It has been a weird six weeks for the Pacers. They’re a middling 11-9 in their last 20 games, and their vaunted defense, the stingiest in the league, has slipped a bit in the last three weeks, partly because George Hill is battling hip and groin issues. They swept a four-game road trip that included strong wins in Dallas, Houston, and in L.A. against the Clippers, but they’ve also had some concerning losses — at home to the Lakers and Thunder, the latter in convincing fashion; a tough roadie in Chicago, and then puzzling road losses in Philadelphia and Washington. Toss in a close home loss to the scorching Nets and a miracle home comeback against the pathetic Cavs, and it has been hard to read Indiana of late.
It was a good moment, in other words, to chat at length with Frank Vogel about the state of his team. Vogel spent time with Grantland after Indiana’s loss in New York on Sunday, and it’s clear he is very confident about the Pacers. What follows is an edited transcript of our chat.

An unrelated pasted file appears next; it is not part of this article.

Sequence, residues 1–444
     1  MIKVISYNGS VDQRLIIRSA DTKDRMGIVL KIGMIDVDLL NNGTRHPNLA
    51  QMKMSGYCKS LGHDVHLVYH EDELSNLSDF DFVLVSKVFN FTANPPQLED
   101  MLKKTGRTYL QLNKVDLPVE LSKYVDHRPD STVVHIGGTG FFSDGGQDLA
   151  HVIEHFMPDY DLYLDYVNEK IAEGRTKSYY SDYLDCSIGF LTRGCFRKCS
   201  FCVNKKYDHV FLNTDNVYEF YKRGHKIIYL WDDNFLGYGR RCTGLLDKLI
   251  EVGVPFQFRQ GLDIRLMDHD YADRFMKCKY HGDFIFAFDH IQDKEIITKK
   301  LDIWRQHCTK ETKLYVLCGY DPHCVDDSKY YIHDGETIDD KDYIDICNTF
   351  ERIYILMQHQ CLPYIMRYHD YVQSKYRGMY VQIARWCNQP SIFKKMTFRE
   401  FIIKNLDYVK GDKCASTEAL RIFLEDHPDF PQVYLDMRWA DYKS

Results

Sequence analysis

You guys ranked 29th in points per possession in mid-January, which is not all that long ago. But you’ve been something like 10th or 11th since the All-Star break. What happened? Is it as simple as Roy Hibbert finding his game again?
Part of it is that Roy has gotten right. But Paul George has fallen off now in the last few weeks, so we’ve gotta make sure everyone is clicking at the same time. But we’ve got a lot of offensive weapons. Lance growing into his role, Paul growing into his role, and just getting more familiar with our bench — that has all factored us into being pretty good offensively.
I honestly don’t know how to characterize your offense, other than you post up a lot. You’re not a big pick-and-roll team on the surface, but you run a lot of those plays where a big man will set a screen in a pick-and-roll and then run into a post-up — or even set a pin-down screen for Paul George or another guard. I’ve noticed some elements from other teams, and even some borderline trick plays of late. There’s just a lot of stuff going on. So: What kind of offensive team are you?